Skip to content


Additional Commissioner of Income-tax, Mysore Vs. Aroor Brothers Charitable Trust - Court Judgment

LegalCrystal Citation
SubjectDirect Taxation
CourtKarnataka High Court
Decided On
Case NumberI.T.R.C. Nos. 57 and 58 of 1974
Judge
Reported in[1978]115ITR418(KAR); [1978]115ITR418(Karn); 1978(1)KarLJ514
ActsIncome Tax Act, 1961 - Sections 2(15) and 11
AppellantAdditional Commissioner of Income-tax, Mysore;additional Commissioner of Income-tax, Mysore
RespondentAroor Brothers Charitable Trust;A.R. Mohan Rao Charitable Trust
Appellant AdvocateS.R. Rajasekharamurthy, Adv.
Respondent AdvocateG. Sarangan, Adv.
Excerpt:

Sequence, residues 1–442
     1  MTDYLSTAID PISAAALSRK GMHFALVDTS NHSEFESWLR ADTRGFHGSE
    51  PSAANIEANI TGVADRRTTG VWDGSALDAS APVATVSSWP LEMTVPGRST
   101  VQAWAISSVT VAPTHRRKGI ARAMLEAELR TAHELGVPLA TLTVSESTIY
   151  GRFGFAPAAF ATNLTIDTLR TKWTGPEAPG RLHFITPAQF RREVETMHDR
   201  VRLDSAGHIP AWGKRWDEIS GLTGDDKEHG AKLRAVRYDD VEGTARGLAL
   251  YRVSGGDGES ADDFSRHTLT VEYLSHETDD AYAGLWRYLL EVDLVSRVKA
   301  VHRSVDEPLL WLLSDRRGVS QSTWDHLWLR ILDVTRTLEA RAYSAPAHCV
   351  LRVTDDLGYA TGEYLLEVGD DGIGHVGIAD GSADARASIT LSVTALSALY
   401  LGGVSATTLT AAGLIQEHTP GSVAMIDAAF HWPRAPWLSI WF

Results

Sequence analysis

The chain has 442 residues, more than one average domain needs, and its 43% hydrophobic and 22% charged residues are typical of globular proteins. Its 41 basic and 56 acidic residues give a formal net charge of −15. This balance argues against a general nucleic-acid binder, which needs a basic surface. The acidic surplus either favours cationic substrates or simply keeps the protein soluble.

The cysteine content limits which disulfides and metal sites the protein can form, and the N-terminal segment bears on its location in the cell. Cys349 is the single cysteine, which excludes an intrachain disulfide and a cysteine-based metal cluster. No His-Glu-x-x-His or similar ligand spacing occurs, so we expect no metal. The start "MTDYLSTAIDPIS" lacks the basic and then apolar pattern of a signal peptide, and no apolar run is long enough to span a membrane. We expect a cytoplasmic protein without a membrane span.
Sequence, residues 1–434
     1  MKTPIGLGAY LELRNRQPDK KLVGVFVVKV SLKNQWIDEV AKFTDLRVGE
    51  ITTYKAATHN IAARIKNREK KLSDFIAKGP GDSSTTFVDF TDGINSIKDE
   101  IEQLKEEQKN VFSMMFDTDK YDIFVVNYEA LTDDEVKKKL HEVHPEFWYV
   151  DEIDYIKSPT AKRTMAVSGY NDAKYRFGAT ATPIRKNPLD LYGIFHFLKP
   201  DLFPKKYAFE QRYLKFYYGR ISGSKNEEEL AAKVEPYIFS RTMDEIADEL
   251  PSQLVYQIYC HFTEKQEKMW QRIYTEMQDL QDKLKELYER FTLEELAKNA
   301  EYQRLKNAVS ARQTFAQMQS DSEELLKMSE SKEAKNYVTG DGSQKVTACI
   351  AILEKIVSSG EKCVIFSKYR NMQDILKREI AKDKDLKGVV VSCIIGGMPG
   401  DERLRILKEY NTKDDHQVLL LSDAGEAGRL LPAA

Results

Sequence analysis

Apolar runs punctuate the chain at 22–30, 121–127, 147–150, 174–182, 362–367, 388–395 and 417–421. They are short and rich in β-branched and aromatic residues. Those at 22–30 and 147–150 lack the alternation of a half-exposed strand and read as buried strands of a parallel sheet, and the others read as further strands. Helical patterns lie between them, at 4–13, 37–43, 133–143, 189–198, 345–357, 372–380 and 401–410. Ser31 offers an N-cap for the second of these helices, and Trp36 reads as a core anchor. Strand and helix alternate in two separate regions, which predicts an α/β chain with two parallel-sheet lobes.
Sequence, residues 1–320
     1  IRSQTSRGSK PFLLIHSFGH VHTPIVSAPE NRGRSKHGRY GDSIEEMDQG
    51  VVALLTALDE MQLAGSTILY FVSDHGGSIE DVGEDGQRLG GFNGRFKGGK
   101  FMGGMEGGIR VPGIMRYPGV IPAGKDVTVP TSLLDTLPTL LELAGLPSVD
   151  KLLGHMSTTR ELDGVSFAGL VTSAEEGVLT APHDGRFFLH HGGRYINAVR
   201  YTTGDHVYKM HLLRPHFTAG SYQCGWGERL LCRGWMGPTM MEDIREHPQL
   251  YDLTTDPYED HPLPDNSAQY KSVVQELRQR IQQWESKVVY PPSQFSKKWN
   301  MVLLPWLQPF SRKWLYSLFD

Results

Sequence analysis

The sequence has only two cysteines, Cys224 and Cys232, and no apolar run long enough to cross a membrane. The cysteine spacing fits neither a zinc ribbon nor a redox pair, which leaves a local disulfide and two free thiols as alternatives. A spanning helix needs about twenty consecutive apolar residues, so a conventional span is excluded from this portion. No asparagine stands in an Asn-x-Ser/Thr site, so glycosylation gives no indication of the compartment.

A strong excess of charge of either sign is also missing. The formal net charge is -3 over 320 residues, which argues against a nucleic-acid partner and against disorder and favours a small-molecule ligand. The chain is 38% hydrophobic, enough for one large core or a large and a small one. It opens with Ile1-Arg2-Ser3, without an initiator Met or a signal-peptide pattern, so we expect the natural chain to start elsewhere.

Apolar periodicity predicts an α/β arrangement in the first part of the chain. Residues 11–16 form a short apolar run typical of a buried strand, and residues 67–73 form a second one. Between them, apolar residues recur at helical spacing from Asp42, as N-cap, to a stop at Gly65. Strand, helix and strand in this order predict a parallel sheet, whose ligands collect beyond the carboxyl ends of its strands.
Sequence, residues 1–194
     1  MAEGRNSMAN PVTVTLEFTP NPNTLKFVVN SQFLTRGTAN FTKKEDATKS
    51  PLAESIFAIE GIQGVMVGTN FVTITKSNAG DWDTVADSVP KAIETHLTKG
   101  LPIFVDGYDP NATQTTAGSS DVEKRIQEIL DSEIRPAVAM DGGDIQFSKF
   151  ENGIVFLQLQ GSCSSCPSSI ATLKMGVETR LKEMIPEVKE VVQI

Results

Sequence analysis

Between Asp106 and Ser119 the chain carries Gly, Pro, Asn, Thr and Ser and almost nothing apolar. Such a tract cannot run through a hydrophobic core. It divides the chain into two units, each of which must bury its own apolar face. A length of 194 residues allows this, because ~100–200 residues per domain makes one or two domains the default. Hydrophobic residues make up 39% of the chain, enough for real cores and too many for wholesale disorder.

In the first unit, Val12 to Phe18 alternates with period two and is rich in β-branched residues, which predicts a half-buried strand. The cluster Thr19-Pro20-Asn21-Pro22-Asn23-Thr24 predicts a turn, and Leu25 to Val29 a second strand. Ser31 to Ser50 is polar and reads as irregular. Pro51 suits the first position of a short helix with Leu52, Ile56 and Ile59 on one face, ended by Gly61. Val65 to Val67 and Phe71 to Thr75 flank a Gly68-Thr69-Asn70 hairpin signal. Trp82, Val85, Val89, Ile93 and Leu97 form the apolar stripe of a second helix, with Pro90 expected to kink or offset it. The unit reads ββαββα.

.....includes relief of the poor, education, medical relief and the advancements any other object of general public utility not involving the carrying on of any activity for profit. 2(15) of the act, namely, relief of the poor, education and medical relief. at any rate it is not contended that the moneys of the trusts are being spent on any activity other than relief of the poor, education or medical relief. , relief of the poor, education, medical relief and advancement of any other object of general public utility, and would not apply only to the last category, viz. , the advancement of any other object of general public utility or whether they also qualify the other three objects of relief of the poor, education and medical relief, because we are of the view that the object of the..........before this court in addl. cit v. a. l. n. rao charitable trust : [1976]102itr474(kar) . the object clause of the trust in that case was identical with the object clauses in these cases and clause 8 of the trust deed in that case was similar to clause 8 in these cases. in that case a division bench of this court which included one of us (srinivasa iyengar j.) held that words 'not involving the carrying in any activity for profit' appearing in s. 2(15) qualified only the fourth object, viz., 'any other object of general public utility' and did not control the other three objects, namely, 'relief of the poor, education and medical relief'. in view of the above conclusion reached by the division bench it was held that the assessee in that case was a charitable trust entitled to relief.....